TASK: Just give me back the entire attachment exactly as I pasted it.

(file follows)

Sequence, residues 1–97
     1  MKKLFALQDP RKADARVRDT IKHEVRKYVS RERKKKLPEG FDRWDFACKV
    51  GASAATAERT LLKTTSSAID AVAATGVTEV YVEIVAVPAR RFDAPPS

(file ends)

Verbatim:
Sequence, residues 1–97
     1  MKKLFALQDP RKADARVRDT IKHEVRKYVS RERKKKLPEG FDRWDFACKV
    51  GASAATAERT LLKTTSSAID AVAATGVTEV YVEIVAVPAR RFDAPPS